Below are a few pointers of things you will need with you on the day, and certain things you should be made aware of!

  • If your horse has a martingale, a head collar & lead rope must be worn, this is to aid you with any in hand obstacles.
  • Medical Arm bands must also be worn, on either your arm or leg.
  • At an obstacle if the two entry cones are places together you may enter the obstacles from anywhere, if they are placed apart you must enter through the cones.
  • You can walk, trot or canter an obstacle, the faster the pace the higher the marks you get, canter is only permitted for certain obstacles in the novice stage.
  • If their are drawn white lines at an obstacle, you must stay inside them, if you don’t points will be deducted.
  • When you are doing in-hand obstacles, the horses nose must remain behind you, if you lead your horse standing at his shoulder you will be marked down.
  • If you are not a TREC Ireland member, the entry fee will require you to pay an additional €7 for insurance on the day.
  • As fun as TREC sounds, it is a serious sport so respect the professionals and listen to there advice, do have fun but don’t insult their sport!

So take a leaf out of my book & enter yourself in a local TREC competition you may do better than you think! I will definitely be doing another one!








Youngsters, Patience is Key!

Over the past few months we have put a lot of effort into trying to get Dante & Coco settled and relaxed into their work. They’re not perfect, (that may takes years) and both have improved tremendously but there’s still a long way to go. To help us get there, we have both decided to start fortnightly private lessons with the same instructor, kicking off with our first lessons this weekend. (We’ll be sure to do lesson posts after each lesson to detail some of our key learnings.)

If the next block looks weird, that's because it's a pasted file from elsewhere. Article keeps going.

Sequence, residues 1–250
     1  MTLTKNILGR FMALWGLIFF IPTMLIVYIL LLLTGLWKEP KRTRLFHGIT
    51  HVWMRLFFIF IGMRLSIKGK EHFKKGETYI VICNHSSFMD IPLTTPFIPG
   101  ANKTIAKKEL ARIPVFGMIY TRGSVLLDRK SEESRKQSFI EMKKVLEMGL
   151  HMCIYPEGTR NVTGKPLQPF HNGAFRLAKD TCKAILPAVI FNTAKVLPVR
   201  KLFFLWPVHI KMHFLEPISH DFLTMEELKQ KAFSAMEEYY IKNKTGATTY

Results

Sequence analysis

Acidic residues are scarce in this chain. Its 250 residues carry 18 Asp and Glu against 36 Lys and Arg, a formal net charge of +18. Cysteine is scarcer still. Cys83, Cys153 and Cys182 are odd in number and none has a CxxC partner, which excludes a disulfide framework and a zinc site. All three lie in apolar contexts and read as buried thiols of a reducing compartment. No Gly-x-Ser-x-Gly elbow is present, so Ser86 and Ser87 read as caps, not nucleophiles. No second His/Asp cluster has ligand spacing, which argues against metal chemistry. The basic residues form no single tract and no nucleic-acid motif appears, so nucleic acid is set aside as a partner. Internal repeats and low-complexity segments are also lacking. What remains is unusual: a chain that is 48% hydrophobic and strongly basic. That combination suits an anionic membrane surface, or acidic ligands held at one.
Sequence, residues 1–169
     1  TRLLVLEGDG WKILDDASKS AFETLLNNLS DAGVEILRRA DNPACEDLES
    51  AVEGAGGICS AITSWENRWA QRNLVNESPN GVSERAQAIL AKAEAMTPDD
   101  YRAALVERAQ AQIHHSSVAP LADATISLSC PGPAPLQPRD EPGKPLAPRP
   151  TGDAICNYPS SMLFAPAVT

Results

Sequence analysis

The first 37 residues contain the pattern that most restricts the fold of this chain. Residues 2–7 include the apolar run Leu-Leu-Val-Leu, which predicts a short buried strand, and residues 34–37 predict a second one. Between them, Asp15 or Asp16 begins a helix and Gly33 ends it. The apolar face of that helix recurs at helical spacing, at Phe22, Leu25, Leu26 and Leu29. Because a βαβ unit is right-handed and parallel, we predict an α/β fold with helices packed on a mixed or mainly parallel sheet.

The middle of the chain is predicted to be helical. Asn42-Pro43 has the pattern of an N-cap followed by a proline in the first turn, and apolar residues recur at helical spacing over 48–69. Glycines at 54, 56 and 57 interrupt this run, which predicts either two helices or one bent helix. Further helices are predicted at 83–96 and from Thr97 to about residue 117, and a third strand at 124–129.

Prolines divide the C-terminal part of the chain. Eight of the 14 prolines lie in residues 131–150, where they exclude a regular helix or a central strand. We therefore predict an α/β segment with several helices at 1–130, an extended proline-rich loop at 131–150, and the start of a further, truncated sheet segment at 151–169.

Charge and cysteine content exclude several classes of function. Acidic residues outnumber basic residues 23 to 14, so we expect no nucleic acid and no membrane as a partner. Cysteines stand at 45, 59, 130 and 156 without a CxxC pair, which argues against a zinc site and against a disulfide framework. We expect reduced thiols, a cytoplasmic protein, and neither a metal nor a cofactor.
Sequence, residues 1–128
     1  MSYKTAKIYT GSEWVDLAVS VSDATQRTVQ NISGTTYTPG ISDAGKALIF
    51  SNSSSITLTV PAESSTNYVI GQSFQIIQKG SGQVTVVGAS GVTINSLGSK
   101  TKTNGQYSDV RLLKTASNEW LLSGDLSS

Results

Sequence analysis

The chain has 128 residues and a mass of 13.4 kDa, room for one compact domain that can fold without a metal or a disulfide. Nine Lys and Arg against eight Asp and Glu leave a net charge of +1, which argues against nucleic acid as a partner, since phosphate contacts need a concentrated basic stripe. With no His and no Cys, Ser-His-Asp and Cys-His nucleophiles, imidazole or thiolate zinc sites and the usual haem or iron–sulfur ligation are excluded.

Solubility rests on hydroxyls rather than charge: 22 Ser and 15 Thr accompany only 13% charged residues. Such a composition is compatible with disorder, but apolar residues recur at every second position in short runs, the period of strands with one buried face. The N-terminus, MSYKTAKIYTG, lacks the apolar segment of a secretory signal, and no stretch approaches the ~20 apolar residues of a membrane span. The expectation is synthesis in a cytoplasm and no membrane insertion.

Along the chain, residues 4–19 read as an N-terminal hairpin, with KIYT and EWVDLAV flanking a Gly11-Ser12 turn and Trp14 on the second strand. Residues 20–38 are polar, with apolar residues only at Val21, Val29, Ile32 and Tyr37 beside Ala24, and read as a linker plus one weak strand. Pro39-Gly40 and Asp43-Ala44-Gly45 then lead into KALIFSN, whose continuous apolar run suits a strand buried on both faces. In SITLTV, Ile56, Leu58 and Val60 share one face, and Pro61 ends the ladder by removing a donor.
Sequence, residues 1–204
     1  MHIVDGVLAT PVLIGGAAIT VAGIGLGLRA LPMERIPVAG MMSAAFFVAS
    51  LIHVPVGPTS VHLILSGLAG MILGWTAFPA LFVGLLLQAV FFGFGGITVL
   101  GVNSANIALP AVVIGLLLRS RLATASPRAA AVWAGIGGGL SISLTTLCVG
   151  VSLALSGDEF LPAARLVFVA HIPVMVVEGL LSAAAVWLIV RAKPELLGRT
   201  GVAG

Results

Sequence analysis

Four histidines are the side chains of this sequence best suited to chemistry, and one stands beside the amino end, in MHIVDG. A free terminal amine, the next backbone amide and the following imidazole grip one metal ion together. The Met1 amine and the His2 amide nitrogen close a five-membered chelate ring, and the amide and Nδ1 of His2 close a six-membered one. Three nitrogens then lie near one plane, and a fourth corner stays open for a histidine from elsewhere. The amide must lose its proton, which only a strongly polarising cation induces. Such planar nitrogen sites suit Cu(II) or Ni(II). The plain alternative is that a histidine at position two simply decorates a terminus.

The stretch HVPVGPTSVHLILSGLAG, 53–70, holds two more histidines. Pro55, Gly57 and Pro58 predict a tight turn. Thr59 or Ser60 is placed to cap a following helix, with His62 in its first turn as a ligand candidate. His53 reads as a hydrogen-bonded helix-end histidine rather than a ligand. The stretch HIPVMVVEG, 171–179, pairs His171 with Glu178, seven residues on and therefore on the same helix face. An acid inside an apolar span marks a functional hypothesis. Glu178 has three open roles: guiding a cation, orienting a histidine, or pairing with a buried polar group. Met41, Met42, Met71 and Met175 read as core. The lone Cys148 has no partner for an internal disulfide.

But before we get going with lessons, we thought we’d share what we’ve learned so far by ourselves…

Steer Clear of an Argument

Try to keep everything positive! This is much easier said than done but the main thing to remember is that you always want to end every session on a good note if you can. Don’t fight them, you will not win against a 700lb horse! If they are spooking in corners and jumping away from noises in trees around your arena steer clear of these areas, the last thing you want is an unhappy horse. With time you can slowly introduce them to the scary spooky corners giving them praise when they do it in a calm manner.

Keep your Sessions Short

Youngsters can lose their concentration very easily so try to keep your sessions short, sweet and to the point. Focus on one goal at a time, if he gets it right give him a break. This will keep him thinking without overloading him with information. Throwing too much information at a youngster can confuse them and cause a lot of tantrums!! So remember, you will achieve more in 20 minutes than you would in an hour. 

Focus on Basic Flatwork/Schooling

Always keep in mind, everything your young horse learns now will stick with them throughout their riding career. So it’s important to get things right the first time, no matter how much time it takes! There is no point rushing into competing your young horse, and having him jump sky high fences just because you think he can. Focus on getting your horse to respond to your leg aids and working in a relaxed rhythm. Transition work up & down is perfect for this with the aim being to transition without anything being sloppy. Taking shortcuts at the beginning will only end up in heartbreak and a lot of work re-schooling with a stubborn teenager!!